“Clearly if I could snap my fingers and things would happen with that body up there, there’s lots of things that I would tell them to do,” she said in an interview with four reporters back in February. “Not only around choice. Lots of things.”

One of her biggest complaints: The Senate has been achingly slow to confirm the president’s nominees for key positions at the department.

“It really has been going on much too long. [There’s] a very, very high level of frustration around that,” she said. “We have many qualified, capable individuals waiting to come and contribute here, and they’re just messing around at that building on the Hill.”

Education, News, Trump Administration

Betsy DeVos under fire following rocky interview with “60 Minutes”

President Trump and U.S. Education Secretary Betsy DeVos

The United States’ top public school official is under fire this week after a brutally icy interview that aired over the weekend on national television.

As CNN reports today, U.S. Education Secretary Betsy DeVos “stumbled her way through a tense interview on CBS’s “60 Minutes” Sunday night, struggling to answer some basic questions about schools in her home state of Michigan and admitting that she does not ‘intentionally’ visit underperforming schools.

From CNN:

“60 Minutes” correspondent Lesley Stahl asked DeVos if in Michigan, students who can’t afford to leave public schools are thriving, as the secretary cites.
“Have the public schools in Michigan gotten better?” Stahl asked.
“I don’t know. Overall, I — I can’t say overall that they have all gotten better,” DeVos said, noting that “there are certainly lots of pockets where the students are doing well.”
 But Stahl notes that the secretary’s “argument that if you take funds away that the schools will get better, is not working in Michigan where (she) had a huge impact and influence over the direction of the school system here.”
DeVos responded: “I hesitate to talk about all schools in general because schools are made up of individual students attending them.”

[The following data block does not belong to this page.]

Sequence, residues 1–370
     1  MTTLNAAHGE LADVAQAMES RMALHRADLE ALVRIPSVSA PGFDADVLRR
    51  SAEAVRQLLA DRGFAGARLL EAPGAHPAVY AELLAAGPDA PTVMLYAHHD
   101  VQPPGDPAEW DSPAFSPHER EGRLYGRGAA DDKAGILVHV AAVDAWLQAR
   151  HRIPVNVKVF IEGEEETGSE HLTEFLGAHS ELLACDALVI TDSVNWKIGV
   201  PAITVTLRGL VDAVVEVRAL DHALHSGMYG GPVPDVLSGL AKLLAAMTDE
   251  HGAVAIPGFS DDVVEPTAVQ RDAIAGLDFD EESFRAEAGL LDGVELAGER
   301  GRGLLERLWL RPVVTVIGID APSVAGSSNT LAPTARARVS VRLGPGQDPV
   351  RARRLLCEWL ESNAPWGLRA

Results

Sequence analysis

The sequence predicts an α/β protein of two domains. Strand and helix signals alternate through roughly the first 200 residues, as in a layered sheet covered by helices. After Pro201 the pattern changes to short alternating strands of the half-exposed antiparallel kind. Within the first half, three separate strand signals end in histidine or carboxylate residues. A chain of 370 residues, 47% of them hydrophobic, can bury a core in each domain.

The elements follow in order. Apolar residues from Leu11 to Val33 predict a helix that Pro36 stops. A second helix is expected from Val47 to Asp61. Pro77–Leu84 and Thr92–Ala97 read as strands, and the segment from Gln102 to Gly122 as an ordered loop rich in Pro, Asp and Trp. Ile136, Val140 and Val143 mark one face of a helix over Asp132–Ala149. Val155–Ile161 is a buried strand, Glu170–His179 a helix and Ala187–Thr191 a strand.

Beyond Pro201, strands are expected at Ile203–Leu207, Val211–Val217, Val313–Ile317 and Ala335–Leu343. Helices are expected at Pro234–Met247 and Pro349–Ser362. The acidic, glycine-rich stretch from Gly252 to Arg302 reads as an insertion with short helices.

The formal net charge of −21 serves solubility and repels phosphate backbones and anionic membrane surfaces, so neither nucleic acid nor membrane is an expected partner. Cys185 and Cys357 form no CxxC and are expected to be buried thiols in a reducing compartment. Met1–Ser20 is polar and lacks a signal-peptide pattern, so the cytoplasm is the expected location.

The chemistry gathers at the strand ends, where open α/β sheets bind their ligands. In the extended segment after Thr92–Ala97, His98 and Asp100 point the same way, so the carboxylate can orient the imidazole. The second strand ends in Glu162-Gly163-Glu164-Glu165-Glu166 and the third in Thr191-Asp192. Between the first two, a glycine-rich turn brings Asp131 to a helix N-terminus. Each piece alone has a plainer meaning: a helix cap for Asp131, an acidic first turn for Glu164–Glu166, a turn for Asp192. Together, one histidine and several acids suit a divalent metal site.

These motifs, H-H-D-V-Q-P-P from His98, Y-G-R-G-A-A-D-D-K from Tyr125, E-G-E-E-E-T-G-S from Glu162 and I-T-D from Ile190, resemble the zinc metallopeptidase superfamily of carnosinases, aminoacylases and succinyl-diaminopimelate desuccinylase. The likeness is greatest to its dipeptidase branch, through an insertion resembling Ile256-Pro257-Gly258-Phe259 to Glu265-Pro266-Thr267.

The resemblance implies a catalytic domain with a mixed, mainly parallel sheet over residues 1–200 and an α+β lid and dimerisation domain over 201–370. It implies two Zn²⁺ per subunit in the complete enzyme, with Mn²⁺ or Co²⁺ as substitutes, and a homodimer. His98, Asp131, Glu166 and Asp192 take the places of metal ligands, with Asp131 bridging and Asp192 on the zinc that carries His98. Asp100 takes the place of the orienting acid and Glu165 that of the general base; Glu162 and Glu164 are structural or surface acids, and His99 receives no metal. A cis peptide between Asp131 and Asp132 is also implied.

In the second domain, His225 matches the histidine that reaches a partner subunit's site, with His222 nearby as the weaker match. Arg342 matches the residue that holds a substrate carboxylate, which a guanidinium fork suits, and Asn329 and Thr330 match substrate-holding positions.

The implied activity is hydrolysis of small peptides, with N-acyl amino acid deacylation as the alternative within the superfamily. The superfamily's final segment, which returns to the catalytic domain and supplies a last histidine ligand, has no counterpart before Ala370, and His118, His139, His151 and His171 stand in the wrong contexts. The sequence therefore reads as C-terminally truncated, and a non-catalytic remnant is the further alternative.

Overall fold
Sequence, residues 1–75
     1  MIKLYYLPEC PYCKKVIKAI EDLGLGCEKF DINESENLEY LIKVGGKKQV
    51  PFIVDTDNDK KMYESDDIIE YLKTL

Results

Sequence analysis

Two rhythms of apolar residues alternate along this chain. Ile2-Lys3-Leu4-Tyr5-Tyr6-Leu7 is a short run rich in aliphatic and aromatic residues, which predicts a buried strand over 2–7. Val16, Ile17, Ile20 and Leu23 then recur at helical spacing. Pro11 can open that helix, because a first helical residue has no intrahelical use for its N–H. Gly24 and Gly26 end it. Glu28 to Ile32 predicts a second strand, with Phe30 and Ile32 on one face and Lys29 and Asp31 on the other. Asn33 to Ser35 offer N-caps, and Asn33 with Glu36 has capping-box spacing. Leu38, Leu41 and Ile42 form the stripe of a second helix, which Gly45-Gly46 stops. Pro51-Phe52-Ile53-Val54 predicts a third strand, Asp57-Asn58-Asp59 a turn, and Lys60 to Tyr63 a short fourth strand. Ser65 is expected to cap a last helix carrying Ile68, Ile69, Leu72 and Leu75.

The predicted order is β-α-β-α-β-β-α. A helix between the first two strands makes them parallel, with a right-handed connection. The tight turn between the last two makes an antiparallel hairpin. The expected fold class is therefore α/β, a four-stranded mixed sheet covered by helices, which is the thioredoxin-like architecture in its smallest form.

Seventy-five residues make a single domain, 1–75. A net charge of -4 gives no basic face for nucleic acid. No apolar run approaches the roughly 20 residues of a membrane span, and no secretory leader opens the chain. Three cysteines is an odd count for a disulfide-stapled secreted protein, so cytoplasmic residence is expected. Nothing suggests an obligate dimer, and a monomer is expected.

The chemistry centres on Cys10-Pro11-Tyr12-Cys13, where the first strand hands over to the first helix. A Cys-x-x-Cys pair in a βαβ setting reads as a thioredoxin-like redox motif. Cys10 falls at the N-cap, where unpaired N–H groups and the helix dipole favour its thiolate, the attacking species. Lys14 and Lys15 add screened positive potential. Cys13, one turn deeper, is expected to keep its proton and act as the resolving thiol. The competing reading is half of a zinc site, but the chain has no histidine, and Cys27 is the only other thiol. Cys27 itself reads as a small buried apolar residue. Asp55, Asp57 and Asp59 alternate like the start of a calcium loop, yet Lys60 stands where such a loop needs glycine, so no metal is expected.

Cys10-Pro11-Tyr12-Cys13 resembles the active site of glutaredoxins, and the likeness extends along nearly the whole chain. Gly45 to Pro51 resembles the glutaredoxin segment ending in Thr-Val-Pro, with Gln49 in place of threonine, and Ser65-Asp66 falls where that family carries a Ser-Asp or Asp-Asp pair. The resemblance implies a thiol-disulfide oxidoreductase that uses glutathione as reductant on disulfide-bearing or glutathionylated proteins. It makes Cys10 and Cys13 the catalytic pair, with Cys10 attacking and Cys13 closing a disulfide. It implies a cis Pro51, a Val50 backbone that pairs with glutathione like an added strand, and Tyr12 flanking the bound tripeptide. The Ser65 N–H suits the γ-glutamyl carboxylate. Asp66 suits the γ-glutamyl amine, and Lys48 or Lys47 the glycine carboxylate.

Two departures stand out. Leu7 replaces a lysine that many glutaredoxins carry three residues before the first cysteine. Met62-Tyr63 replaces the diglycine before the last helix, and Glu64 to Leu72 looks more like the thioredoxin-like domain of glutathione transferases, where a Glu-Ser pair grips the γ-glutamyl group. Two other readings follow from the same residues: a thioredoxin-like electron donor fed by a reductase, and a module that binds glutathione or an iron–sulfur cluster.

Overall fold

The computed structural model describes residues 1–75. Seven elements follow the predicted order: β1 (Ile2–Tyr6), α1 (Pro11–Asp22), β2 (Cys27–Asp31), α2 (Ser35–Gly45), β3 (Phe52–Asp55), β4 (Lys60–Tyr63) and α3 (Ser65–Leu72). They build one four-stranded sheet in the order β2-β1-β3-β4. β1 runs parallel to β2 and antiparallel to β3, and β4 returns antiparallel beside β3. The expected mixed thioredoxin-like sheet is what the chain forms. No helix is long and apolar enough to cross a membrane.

“Michigan schools need to do better. There is no doubt about it,” she continued, admitting that she does not “intentionally (visit) schools that are underperforming.”
Stahl suggested she should visit those schools to understand what they’re doing. DeVos responded, “Maybe I should.”
White House officials watched the interview, along with media appearances DeVos made on Monday morning, with dismay, two sources familiar with their reaction told CNN. The White House did not respond to a request for an official comment regarding DeVos’ performances, and it wasn’t immediately clear what President Donald Trump’s reaction was.
The secretary also argued that the federal government has “invested billions and billions and billions of dollars … and we have seen zero results” in public education.
“But that really isn’t true,” Stahl argued, noting that test scores have gone up over the last 25 years.
DeVos said the United States has comparatively stagnated with test scores, pivoting again to school choice as the solution.
“What can be done about that is empowering parents to make the choices for their kids,” DeVos said. “Any family that has the economic means and the power to make choices is doing so for their children.”